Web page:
Made famous in the 1976 documentary Harlan County USA, this pocket of Appalachian coal country has been home to generations of miners--and to some of the most bitter labor battles of the 20th century. It has also produced a rich tradition of protest songs and a wealth of fascinating culture and custom that has remained largely undiscovered by outsiders, until now. They Say in Harlan County is not a book about coal miners so much as a dialogue in which more than 150 Harlan County women and men tell the story of their region, from pioneer times through the dramatic strikes of the 1930s and '70s, up to the present. Alessandro Portelli draws on 25 years of original interviews to take readers into the mines and inside the lives of those who work, suffer, and often die in them--from black lung, falling rock, suffocation, or simply from work that can be literally backbreaking. The book is structured as a vivid montage of all these voices--stoic, outraged, grief-stricken, defiant--skillfully interwoven with documents from archives, newspapers, literary works, and the author's own participating and critical voice. Portelli uncovers the whole history and memory of the United States in this one symbolic place, through settlement, civil war, slavery, industrialization, immigration, labor conflict, technological change, migration, strip mining, environmental and social crises, and resistance. And as hot-button issues like mountain-top removal and the use of "clean coal" continue to hit the news, the history of Harlan County--especially as seen through the eyes of those who lived it--is becoming increasingly important. With rare emotional immediacy, gripping narratives, and unforgettable characters, They Say in Harlan County tells the real story of a culture, the resilience of its people, and the human costs of coal mining.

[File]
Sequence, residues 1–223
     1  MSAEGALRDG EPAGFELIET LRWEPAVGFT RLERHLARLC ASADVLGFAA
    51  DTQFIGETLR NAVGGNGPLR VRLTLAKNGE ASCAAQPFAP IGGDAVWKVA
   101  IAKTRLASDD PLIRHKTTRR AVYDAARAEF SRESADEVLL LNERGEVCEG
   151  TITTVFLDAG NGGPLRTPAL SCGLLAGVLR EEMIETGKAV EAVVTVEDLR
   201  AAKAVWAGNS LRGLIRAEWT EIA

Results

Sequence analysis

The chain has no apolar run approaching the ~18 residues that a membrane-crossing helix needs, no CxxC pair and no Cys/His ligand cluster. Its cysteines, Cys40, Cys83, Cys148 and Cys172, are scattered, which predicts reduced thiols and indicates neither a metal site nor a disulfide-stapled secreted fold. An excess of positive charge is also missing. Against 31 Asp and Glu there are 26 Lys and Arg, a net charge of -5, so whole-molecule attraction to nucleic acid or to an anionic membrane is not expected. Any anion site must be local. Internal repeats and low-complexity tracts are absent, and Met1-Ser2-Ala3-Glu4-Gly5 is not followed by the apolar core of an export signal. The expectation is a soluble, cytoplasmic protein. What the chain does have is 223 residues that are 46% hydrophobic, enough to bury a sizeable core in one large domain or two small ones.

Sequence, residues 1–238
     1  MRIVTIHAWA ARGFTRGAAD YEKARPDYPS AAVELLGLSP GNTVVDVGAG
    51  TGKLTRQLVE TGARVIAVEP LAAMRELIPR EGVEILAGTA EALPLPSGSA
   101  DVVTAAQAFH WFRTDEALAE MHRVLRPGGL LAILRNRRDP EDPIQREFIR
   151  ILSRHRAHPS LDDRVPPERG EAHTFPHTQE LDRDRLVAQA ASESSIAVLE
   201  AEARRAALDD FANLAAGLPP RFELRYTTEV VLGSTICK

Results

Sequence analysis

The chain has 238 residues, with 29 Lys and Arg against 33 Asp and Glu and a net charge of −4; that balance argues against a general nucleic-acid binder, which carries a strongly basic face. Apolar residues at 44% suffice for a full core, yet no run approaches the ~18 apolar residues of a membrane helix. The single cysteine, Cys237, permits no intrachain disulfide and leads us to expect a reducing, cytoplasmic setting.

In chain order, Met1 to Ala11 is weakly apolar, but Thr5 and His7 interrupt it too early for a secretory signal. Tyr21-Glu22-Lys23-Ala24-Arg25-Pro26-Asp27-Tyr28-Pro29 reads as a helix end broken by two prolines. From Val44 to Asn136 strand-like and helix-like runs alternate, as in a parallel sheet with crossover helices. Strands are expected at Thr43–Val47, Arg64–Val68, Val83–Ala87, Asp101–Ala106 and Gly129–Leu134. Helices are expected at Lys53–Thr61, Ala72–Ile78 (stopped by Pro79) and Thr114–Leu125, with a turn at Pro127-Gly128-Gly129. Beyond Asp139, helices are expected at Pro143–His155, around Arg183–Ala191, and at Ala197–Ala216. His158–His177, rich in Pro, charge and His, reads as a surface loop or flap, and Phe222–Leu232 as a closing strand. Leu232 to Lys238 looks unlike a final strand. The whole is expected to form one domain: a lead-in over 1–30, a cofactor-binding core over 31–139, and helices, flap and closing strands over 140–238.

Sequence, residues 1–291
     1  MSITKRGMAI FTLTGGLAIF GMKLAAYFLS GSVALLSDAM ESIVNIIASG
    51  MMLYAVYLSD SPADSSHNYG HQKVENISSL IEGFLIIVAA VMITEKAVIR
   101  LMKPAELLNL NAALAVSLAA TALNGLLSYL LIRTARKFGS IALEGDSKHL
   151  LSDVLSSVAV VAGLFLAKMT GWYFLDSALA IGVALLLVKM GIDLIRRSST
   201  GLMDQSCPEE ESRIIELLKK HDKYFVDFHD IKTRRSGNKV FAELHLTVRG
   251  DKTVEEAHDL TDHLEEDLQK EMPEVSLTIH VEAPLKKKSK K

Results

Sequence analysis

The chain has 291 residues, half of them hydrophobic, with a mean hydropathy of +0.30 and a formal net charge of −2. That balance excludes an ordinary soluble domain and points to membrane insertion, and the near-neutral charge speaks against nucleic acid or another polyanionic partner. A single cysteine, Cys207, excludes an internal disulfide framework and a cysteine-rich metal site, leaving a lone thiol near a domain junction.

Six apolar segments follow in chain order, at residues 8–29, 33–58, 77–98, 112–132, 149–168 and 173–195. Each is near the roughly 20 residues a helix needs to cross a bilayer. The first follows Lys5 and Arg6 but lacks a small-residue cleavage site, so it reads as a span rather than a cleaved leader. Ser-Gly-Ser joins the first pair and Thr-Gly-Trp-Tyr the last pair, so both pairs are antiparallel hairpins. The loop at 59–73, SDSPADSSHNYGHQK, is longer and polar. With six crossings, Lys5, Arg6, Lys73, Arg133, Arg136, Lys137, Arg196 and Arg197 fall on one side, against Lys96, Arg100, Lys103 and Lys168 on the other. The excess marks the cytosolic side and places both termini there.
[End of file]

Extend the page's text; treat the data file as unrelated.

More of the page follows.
In this collection of essays and poems, Dr. Robin Shapiro captures the depth of the struggles and the triumphs of a healing journey. Using her own healing path as a canvas for her words, Robin offers solace and encouragement to all who are seeking health, wellness, and happiness. Her experiences in medicine have provided rich soil for understanding the nature of compassion and skilled listening, as the people she cares for and teaches heal their lives. Throughout TOUCHSTONES, there is something that will resonate with the reader and touch those wounded places that need a soft space to land. Robin creates a healing landscape with her stories and places it on the heart as a salve that mends us in the broken places. TOUCHSTONES is a call to action... Since everything is impermanent and everyone is impermanent, healing must unfold now... TOUCHSTONES will help the reader become more aware of how precious this human life is and move in the world in a way that can bring about inner peace...